How Carrots and Sticks May Break Our Bones—and the Bank
Aug 7, 2013, 1:00 PM, Posted by Michael Painter
Today, the Health Care Incentives Improvement Institute, Inc. (HCI3®) released “Improving Incentives to Free Motivation,” a report developed with support from the Robert Wood Johnson Foundation (RWJF), that makes a bold assertion: Financial incentives won’t fix our payment problems in health care.
In a guest post on The Health Care Blog today, I outlined why simply throwing more carrots and sticks at doctors and patients won’t improve the quality or affordability of our health care:
Until we get [the] human motivators right in health care, we can try all sorts of complicated, elegant payment models and formulas and still ultimately not get to the goal of sustainable high value. It will always be just over the horizon. Let's absolutely be smart about incentives in health care, but let's also get away from talking about simple carrots and sticks. Instead, let’s find the right mix of motivators to promote the creativity we need to get the best care every single time.”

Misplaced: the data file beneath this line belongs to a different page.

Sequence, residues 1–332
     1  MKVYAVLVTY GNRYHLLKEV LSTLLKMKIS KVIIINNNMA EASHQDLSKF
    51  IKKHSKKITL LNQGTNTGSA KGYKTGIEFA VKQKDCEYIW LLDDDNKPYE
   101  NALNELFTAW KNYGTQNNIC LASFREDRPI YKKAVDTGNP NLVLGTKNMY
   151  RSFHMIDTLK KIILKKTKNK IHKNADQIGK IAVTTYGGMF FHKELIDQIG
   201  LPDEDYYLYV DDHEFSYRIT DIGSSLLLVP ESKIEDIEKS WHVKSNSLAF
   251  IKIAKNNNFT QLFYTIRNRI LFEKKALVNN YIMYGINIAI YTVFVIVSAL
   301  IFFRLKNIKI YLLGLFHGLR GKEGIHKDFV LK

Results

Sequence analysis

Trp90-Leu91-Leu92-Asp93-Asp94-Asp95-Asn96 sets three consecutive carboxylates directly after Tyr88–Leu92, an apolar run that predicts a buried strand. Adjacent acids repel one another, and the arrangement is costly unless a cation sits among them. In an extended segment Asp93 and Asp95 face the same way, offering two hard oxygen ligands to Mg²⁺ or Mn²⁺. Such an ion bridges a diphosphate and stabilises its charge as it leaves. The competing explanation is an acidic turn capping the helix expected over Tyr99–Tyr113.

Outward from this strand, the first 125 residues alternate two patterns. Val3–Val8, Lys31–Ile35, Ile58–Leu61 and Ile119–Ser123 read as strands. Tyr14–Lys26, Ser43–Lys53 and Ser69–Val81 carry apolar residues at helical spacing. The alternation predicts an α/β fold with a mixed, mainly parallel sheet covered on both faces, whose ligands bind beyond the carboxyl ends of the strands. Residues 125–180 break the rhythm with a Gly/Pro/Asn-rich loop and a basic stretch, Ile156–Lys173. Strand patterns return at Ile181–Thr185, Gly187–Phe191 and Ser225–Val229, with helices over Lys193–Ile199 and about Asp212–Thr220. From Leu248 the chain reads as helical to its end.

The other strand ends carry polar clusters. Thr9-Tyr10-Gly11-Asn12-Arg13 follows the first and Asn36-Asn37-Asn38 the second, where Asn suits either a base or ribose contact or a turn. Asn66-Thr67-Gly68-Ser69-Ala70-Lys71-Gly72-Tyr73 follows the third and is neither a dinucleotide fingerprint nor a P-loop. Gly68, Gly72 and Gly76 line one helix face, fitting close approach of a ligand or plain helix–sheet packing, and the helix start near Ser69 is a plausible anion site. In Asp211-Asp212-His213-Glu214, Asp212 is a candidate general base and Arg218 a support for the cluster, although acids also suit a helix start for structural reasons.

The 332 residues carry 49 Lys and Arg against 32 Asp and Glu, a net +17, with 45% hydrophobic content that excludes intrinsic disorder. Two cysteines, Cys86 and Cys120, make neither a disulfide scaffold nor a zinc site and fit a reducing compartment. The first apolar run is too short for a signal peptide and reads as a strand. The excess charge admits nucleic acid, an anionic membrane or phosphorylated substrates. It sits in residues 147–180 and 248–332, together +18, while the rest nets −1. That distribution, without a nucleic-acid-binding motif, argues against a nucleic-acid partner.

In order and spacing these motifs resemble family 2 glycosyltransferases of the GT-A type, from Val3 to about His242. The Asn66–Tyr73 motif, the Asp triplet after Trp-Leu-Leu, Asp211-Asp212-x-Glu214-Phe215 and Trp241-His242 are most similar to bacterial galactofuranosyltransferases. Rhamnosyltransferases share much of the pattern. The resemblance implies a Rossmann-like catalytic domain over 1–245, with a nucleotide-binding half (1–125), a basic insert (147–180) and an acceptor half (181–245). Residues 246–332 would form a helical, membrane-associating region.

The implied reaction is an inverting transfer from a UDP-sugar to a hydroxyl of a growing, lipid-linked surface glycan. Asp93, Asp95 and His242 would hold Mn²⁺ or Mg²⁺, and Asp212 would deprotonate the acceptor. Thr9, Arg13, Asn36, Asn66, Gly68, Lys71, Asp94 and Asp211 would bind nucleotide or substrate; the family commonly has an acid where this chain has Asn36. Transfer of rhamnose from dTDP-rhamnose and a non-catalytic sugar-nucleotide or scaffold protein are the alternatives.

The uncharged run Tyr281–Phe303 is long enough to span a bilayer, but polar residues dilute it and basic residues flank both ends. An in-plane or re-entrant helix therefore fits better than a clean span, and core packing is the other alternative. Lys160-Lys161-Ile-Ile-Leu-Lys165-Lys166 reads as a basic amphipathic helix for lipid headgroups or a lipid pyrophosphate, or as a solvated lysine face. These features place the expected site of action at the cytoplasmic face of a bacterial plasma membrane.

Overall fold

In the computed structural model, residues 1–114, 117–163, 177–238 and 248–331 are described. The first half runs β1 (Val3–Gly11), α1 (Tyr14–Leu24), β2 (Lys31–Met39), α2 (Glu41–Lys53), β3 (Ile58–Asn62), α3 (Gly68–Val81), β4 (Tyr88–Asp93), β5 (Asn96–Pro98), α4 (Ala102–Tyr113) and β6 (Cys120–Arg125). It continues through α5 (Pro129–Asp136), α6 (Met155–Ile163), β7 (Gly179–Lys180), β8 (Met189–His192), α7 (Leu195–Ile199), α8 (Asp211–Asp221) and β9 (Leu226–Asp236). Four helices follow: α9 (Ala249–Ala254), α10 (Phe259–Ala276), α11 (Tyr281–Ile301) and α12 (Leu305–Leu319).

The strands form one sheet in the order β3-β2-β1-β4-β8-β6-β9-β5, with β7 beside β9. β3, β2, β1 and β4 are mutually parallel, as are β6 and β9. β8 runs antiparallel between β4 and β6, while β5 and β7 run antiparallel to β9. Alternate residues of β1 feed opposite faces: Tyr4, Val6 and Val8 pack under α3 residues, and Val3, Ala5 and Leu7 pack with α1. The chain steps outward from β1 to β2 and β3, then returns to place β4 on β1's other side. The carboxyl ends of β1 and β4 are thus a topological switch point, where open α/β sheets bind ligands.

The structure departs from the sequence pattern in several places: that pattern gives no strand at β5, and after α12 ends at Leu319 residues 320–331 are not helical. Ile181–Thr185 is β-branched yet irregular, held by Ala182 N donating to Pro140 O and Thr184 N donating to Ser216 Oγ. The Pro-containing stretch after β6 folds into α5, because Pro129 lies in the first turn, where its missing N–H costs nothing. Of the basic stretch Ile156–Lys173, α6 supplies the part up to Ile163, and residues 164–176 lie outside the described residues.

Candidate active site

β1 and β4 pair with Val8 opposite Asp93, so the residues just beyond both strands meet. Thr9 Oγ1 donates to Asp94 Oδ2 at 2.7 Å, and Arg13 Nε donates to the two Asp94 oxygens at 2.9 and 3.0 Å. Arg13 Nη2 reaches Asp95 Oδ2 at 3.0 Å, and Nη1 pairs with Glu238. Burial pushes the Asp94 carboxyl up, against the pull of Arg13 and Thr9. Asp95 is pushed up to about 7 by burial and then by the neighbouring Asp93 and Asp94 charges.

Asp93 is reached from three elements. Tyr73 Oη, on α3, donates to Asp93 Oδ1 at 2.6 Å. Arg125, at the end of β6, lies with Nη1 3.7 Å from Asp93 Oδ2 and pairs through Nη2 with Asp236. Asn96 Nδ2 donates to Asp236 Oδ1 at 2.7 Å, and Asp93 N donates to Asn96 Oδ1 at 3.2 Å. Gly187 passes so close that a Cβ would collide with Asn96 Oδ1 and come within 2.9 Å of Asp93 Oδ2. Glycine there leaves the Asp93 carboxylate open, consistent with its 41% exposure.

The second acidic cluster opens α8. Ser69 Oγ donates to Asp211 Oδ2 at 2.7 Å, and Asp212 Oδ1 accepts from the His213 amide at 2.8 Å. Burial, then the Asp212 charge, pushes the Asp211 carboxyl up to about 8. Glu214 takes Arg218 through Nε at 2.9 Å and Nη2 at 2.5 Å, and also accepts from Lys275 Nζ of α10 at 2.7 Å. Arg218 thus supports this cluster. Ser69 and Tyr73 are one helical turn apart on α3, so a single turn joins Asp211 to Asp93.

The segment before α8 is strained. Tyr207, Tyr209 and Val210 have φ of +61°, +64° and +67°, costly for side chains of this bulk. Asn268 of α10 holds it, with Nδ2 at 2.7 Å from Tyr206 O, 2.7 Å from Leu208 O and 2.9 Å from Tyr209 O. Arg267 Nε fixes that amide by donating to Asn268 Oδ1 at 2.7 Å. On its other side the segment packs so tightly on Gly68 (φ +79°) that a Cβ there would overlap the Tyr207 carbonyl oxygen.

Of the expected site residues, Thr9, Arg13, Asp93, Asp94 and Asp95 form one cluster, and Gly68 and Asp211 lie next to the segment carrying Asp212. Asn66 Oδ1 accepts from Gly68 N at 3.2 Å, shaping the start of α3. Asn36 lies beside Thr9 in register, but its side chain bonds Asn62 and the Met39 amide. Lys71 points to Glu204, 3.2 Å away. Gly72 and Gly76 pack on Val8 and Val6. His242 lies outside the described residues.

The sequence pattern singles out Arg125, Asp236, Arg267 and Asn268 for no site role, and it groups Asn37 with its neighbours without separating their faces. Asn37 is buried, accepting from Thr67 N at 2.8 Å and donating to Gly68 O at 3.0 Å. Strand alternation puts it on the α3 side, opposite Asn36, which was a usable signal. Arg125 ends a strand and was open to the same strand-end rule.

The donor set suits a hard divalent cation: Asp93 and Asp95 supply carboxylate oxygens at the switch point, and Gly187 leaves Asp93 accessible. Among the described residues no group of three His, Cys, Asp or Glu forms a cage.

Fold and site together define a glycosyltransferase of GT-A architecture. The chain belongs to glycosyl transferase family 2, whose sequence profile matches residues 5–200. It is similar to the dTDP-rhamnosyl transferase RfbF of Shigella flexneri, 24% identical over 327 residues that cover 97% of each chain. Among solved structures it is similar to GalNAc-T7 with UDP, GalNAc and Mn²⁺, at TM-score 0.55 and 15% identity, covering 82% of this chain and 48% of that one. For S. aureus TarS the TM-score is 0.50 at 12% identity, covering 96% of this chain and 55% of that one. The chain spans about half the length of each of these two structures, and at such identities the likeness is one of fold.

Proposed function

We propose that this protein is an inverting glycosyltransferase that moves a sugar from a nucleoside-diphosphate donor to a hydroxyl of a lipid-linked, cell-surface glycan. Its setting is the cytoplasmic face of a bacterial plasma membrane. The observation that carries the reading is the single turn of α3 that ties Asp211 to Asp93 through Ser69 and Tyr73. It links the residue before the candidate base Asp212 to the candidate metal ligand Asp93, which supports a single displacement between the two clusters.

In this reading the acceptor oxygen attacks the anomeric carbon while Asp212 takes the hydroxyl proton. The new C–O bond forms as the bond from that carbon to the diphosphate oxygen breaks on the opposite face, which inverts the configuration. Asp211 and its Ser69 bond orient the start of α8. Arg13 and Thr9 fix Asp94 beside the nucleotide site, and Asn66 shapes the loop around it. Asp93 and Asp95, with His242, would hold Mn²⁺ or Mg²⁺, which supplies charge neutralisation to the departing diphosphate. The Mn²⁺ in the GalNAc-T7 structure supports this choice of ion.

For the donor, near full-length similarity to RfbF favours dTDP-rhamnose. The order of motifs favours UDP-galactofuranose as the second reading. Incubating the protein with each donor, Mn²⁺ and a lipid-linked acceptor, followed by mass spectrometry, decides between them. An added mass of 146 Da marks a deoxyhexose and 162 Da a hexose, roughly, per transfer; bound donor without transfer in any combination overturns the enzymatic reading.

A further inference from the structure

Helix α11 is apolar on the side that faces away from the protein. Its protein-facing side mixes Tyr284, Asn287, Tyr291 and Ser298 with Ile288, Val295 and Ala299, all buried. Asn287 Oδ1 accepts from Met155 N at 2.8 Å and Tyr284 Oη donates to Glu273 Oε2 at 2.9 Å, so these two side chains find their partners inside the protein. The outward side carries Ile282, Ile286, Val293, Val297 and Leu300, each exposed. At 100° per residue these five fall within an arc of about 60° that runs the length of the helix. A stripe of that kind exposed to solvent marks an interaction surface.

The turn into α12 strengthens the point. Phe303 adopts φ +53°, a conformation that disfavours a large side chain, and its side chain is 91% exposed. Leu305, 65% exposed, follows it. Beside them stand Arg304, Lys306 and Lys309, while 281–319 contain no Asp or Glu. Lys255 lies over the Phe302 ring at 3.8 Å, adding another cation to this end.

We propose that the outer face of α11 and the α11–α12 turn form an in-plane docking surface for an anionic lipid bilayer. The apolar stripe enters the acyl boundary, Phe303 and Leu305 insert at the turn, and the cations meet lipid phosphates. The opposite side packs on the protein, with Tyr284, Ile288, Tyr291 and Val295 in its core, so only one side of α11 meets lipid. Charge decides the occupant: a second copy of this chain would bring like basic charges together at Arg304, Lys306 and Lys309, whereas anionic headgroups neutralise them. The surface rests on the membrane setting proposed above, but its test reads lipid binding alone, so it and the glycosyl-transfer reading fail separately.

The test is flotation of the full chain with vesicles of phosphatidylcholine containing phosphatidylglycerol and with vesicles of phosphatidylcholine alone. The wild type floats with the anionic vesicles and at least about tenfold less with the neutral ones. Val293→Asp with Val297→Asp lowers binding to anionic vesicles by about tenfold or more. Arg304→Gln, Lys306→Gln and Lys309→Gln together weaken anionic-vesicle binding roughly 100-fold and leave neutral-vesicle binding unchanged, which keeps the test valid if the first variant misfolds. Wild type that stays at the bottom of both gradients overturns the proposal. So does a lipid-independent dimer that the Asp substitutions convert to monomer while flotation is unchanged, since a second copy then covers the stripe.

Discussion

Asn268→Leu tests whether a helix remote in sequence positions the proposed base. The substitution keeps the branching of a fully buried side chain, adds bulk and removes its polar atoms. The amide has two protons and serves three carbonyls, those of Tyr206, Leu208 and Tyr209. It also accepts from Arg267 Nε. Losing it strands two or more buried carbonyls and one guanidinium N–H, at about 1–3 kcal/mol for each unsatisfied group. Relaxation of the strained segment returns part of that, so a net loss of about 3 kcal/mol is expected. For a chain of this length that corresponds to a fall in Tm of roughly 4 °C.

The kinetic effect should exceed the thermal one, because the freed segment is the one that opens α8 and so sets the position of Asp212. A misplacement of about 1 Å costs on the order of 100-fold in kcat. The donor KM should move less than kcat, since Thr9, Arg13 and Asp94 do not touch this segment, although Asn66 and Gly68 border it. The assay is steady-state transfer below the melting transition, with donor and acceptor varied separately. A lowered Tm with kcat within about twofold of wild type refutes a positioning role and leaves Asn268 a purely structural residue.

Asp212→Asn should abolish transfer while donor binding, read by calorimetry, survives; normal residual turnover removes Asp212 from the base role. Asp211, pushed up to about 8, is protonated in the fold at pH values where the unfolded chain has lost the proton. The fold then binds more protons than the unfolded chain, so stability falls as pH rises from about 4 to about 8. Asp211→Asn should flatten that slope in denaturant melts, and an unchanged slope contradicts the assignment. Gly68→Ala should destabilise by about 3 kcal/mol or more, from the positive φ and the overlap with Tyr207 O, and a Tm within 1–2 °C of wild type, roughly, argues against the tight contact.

The report calls for an alternate approach to payment reform that harnesses the inherent motivation that doctors and patients have to make good decisions about delivering and consuming health care. Its lead author and HCI3 executive director Francois de Brantes outlined this new framework in a Health Affairs guest blog today:
We suggest a different approach. The first step is to determine whether any given payment model has the potential to sap the health care professional's motivation to adhere to scientific evidence, to be the prudent steward of the patient's care, and to help the patient through the healing process. If it has the potential to create a negative charge on motivation, then change it."
The good news, as I wrote on The Health Care Blog, is that there is hope. And there are motivators more effective than dollars. It’s time we harness their power. We can’t afford not to.
This commentary originally appeared on the RWJF Pioneering Ideas blog.